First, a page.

Jay Parini has advanced along an inclusive, though never diffuse, path as a writer, uninhibited by boundaries of genre that grow ever more clearly drawn in an age of specialization that briskly leads to over-specialization. Poets will insist that they only write in one narrow corridor, entirely uninterested in the majority of forms and styles available. Even critics will repeatedly confirm their interest in a single facet of a period or even individual author. Parini is therefore quite a welcome renaissance figure. His reputation is firmly secured in the circles (sometimes malebolge) of the professional writer, but he is not so well known to the general reading public as are the likes of John Updike or Margaret Atwood. This is unfortunate. He has consistently published with substantial publishers, and there is no disputing that he has earned a society of devoted readers. The Apprentice Lover certainly deserves to press him over into a larger reading audience, though given the whims of the market this may never happen. Having edited many anthologies, written several collections of poetry, as well as a critical study of the poet Theodore Roethke and biography of John Steinbeck, one might expect his powers as a novelist to have become diluted. They are not. They are stretched among many ideas and emotional impulses, but this is to be expected of a certain type of novelist. His other accomplishments reinforce his skills as a novelist. Historical figures enter and exit his novels, thus time spent as a biographer becomes valuable. Dialogue and appearances seem perfectly arranged (most notably in The Apprentice Lover, the slovenly but always loveable W.H. Auden). Barry Unsworth began Losing Nelson as a biography of the hero of Trafalgar, but it ended with diminished effect as a disappointing novel. Most novels—particularly the realist variety that has remained dominant among large audiences in the past century—are constructed first from the stacked lumber and poured concrete of historical fact, technical research, and personal experience. They are only later made habitable with the furniture and drape of imagined detail. Parini raises a large and very livable structure in The Apprentice Lover.
The novel centers on a compelling set of circumstances. In the late 1960s, a young American, Alex Massolini, drops out of Columbia University just short of graduation (to the absolute bewilderment of his working class parents). He accepts a position as secretary to a famous older Scottish author, Rupert Grant, living on the island of Capri, off the coast of southern Italy. He packs his bags and decamps from New York, passing under the Statue of Liberty just as his grandparents had when emigrating from Italy two generations before. Upon arrival, Massolini finds himself cast into a bohemian ensemble that seems downright Martian after his experiences in suburban Pennsylvania and Columbia: the legendary Rupert Grant lives in a magnificent villa overlooking the sea with his sophisticated wife Vera and two attractive young female “assistants,” the English-American Holly and Italian Marisa, who double as lovers when the fancy strikes Grant, the lion at the center of a very impressive pride. As one might expect, the novel is layered with sexual intrigue, but Parini impresses with his willingness to write about the frustrations caused by the elusiveness of sex and its even more elusive aura, love:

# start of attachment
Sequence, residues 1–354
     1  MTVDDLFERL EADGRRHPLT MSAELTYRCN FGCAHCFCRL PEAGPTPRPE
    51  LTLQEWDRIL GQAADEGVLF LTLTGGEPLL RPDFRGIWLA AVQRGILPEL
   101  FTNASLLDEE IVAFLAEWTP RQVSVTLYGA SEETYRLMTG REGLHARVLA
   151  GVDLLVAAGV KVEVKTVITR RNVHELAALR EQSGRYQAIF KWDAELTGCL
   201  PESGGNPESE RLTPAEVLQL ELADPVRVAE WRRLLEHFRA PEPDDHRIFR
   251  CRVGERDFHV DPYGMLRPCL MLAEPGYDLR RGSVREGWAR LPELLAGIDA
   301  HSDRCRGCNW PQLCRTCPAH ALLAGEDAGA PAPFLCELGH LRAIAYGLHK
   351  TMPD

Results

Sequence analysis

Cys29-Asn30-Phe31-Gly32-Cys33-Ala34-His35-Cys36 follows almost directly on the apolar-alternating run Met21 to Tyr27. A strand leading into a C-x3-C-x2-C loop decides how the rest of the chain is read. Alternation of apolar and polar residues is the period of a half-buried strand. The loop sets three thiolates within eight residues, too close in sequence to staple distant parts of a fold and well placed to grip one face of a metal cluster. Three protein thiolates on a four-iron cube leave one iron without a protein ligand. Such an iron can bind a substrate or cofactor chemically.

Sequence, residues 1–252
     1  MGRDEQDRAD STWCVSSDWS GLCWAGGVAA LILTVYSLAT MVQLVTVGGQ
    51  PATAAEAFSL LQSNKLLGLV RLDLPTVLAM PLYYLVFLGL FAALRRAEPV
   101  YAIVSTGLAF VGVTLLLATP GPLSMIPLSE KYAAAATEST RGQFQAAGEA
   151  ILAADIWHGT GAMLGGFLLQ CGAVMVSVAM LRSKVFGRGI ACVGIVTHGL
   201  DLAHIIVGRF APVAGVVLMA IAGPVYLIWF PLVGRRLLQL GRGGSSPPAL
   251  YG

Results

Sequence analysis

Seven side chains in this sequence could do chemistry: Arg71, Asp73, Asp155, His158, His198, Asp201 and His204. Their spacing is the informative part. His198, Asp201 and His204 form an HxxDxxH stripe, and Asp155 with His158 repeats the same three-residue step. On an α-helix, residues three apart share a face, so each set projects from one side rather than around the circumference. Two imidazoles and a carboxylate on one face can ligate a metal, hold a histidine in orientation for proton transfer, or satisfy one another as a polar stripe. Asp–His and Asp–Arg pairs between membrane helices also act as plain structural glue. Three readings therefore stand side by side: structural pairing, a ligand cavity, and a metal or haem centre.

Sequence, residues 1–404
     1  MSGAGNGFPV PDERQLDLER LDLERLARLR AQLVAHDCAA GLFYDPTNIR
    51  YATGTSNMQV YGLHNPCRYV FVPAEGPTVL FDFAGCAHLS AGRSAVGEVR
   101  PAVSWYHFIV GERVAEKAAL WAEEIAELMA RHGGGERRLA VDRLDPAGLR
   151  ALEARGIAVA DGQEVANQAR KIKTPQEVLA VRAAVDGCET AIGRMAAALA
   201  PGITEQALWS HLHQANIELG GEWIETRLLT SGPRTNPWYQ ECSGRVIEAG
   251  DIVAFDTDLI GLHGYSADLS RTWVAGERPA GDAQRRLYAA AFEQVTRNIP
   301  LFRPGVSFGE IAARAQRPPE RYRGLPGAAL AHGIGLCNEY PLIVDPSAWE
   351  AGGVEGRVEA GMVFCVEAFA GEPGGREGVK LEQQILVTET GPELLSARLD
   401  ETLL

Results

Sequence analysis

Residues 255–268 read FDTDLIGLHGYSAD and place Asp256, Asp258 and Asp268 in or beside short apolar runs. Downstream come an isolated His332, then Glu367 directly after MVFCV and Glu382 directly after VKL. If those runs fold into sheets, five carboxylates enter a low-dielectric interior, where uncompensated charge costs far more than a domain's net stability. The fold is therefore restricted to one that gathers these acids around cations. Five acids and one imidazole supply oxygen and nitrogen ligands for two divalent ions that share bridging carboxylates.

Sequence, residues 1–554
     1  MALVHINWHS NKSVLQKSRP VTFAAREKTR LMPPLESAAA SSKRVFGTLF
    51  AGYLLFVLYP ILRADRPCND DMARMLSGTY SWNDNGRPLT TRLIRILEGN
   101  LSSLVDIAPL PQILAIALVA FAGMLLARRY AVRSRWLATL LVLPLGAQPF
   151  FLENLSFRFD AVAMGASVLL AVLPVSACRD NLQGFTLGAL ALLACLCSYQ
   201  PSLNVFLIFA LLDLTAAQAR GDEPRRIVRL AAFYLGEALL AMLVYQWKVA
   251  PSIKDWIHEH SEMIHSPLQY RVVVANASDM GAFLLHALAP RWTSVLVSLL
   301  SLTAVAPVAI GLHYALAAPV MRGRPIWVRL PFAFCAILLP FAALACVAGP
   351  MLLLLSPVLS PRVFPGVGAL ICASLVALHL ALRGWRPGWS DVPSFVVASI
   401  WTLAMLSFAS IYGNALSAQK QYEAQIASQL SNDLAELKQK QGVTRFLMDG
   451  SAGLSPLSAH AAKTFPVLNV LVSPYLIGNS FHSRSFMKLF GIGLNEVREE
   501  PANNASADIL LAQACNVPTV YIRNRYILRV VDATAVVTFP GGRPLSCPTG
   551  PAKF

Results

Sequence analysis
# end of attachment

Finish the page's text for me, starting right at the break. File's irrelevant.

Eventually, I crawled into the cool sheets, taking care not to disturb her [Holly]. I listened to the rhythmical flow of her breathing, and slowly absorbed the scent of her, now so familiar. I felt a great longing for her, a wish to lie naked beside her. But I was glad for what I had now, however meager. I had her company and good will, and I was about to fall asleep with her only a short distance from me. Close enough to touch, if I dared. But I didn’t. She had clearly not invited me to reach across the slight divide between us. So I took care not to breach that gap. In fact, I rolled away from her to sleep, so that anyone looking down from above would have seen us as oddly Janus-faced: a single entity with opposing views of the world, and separate dreams.
This is more difficult to pull off (if you will) than an outright description of sex. Two wars and two empires form a lattice up which these larger themes snake like vines. The American war in Vietnam is the more forcefully felt of the two, despite its impossible distance from the unhurried bright isle of Capri. To the historically-minded Grant, the war is an unavoidable chafing in the growth of empire. It is much more intimately felt by Massolini, whose brother Nicky was obliterated by a land mine. Nicky’s war letters, brought along to Capri, interpolate the action of the novel. They devastate the lurid self-absorption of Grant’s villa with harsh truths and the raw vernacular employed to convey them:
I don’t want to get you down or anything, but there’s stuff going on that would make you sick. I mean, we go and fucking kill people around here like you and I used to shoot ducks in Exeter. Pop a few geeks, Fink says, when he’s not too stoned to get out the words. Shit, he said yesterday, I ain’t killed nobody in about a week. Articulate sonofabitch.